Many of you know that I moved to NYC last fall to study Neuroscience and Education at Columbia University (check out my last post about my thoughts on living in NYC). When I talk to people about it, I feel like they want me to tell them the secrets of the world. To package it up in a sound bite and put a bow on top. What have I learned? What can I share with teachers who are trying to use ‘brain-based strategies’ in their classrooms? Does neuroscience have anything to offer the field of education? Or regular people in their every day lives?
I’m still practicing talking in the language of neuroscience. And doing so in a way that non-science people still find interesting, but that science people still respect. So bear with me, as I try to find that balance. I don’t have a science background, nor did I ever think I would go into science (although it was my favorite subject in elementary school…. where did they lose us?). But after managing a college access program for youth in foster care and then teaching special education, I was desperate to learn more about how our brains function and how we can do a better job of helping our kids learn.
Since beginning my studies last fall, I’ve definitely been learning firsthand about the importance of motivation. Learning about how action potentials occur and how different neurons and neural systems interact (i.e. communicate) with each other isn’t always the most fascinating or easy to understand shit. But my end-goal of understanding how people learn has helped me stay genuinely interested in even the minutiae of the brain. I have had to re-read many pages over and over just to make sense of them, look up supplemental materials, google terms I’d never heard, and watch tutorial videos on the center-surround receptive fields of bipolar cells in the vision system (the vision system is so complex, it’s crazy). It has been tedious… but for the most part, I have found it all incredibly fascinating.
I marveled at even the really basic shit.
Do you know why you grab your toe and hold on for dear life after you stub it? It’s because different cells in your skin are preferentially activated by different things (touch, pain, temperature etc.), and the cells that are activated by touch/pressure have more myelination on their axons which causes the signal from those cells to move faster than the signal from the cells screaming “pain!” Essentially, the pressure signal moves to your brain quicker and overrides (somewhat) the pain signal – giving you a little relief from the stubbed toe.
Why are our fingers more sensitive than say, our backs? Fingers simply have more receptors, or cells that process sensory information, than our backs do. And the more receptors you have, the more sensitive you are to anything touching that part of your body. And it just makes sense that we would want/need more receptors on our fingers since we use them for so many things.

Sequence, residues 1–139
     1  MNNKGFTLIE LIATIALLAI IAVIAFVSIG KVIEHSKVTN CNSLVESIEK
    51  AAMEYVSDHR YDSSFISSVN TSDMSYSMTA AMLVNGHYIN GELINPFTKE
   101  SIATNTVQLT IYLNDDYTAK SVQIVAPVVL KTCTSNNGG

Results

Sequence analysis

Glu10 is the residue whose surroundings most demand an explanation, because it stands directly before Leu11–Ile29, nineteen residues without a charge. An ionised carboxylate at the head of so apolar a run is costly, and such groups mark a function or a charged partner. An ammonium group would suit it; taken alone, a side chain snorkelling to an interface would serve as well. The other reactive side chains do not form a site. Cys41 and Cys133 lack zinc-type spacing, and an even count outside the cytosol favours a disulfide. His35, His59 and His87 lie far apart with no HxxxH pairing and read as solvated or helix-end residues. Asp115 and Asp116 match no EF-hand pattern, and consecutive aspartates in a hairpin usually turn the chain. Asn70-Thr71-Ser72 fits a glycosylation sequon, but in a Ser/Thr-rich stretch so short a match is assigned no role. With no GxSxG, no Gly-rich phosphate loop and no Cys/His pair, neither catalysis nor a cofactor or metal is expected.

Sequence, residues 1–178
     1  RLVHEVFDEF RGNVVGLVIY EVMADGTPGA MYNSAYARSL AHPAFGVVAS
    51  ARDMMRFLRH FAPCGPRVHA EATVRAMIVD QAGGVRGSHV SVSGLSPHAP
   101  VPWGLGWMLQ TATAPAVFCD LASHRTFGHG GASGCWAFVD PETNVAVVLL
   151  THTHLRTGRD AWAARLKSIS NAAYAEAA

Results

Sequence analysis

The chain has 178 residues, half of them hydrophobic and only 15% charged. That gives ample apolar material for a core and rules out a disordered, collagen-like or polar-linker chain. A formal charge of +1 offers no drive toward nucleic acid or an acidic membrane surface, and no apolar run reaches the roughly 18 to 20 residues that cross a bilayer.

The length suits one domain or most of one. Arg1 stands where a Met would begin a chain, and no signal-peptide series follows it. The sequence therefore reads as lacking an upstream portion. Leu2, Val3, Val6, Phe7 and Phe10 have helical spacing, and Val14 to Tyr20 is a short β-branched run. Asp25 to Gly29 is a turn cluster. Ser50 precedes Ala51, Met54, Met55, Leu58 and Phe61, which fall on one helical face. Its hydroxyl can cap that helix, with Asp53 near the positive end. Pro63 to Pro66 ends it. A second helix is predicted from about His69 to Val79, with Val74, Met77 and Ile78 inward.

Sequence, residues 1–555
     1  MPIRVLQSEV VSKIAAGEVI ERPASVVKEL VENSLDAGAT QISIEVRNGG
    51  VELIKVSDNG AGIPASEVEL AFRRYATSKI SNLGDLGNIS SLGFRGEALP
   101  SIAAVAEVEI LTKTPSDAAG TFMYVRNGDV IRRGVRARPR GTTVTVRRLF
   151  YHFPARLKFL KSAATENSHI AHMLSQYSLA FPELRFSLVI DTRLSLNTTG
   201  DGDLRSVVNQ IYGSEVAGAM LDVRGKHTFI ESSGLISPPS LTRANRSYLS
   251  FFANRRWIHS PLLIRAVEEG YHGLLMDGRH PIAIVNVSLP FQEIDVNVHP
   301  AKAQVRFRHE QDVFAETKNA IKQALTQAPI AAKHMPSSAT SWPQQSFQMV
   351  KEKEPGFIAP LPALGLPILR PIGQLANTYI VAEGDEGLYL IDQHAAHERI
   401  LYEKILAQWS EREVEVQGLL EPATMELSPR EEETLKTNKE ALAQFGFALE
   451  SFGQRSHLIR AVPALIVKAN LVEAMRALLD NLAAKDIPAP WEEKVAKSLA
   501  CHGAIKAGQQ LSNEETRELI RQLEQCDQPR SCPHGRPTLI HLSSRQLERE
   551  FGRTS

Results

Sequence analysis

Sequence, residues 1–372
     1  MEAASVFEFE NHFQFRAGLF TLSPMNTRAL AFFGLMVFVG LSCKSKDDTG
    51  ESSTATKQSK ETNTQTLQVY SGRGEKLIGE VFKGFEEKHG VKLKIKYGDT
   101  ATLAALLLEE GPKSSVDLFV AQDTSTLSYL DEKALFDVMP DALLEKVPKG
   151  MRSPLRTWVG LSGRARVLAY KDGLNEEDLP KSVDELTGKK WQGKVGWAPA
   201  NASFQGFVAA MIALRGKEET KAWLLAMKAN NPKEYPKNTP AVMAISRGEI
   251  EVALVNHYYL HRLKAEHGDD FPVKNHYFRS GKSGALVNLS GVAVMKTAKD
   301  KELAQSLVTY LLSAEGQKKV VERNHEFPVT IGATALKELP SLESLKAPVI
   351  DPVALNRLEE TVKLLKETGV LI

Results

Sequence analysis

If I’ve learned anything, it’s that our bodies are complex, but also, really fucking simple. Most of neuroscience just makes sense. Like, of course, each cell is specialized to do one very small job. There are many cells in our vision system that specialize in simply identifying if there is a light in a specific area of the visual field moving in a specific direction. And other cells that are preferentially activated by light that is at a specific orientation (i.e. some cells really like horizontal bars of light and others prefer diagonal bars of light and others like their light to be slightly more diagonal). And that specialized information from each of these neurons gets fed into neural networks that combine information from the whole shit ton of neurons allowing us to make sense our environment.
Can teachers use neuroscience? This is a very young field, so it certainly doesn’t have all the answers to our education questions. Nor can neuroscience solve any problems without collaboration with other researchers and educators. But what I love about it is that it can help us understand why things happen (and how we can use that to our advantage when teaching students). Here’s a simple example. Teachers frequently use review games before giving a test as a way to help students study and learn the information. Games are great because they’re engaging and fun, right? But what if you could take advantage of the reward system in the brain so that the kids are even more engaged? and so that all the students on that one team that is falling severely behind during the game don’t give up and start acting out?
If we incorporate an element of chance or luck into the game, we can do just that by activating the “reward pathway” more strongly. For example, if the students/teams get an answer correct, instead of giving them the standard number of points – we could have them roll a die and award them the number of points that show up on the die. Or have them draw a piece of paper out of a hat and award them the number of points written on that paper. Not only does this activate the reward network more strongly, but it also levels the playing field a little bit so that students who maybe aren’t doing as well in the class still have a chance to compete because of the element of luck. If you want to know more about the reward system in the brain, check out this article by Dr. Paul Howard-Jones which is where the review game ideas came from.
If you find this shit as fascinating as I do, be sure to click the follow button so you will be notified when I post! I plan to continue posting about other things as well (travel, feminism, poetry, politics etc.), but I’ll have the different tags on my homepage and posts like this one will be listed under “Neuroscience tidbits.”
***Disclaimer: Obviously, the above info is super simplified with the goal of keeping it interesting and easy to understand. 🙂 If you are looking for more detailed info, feel free to email me, and I’ll try to point you in the right direction.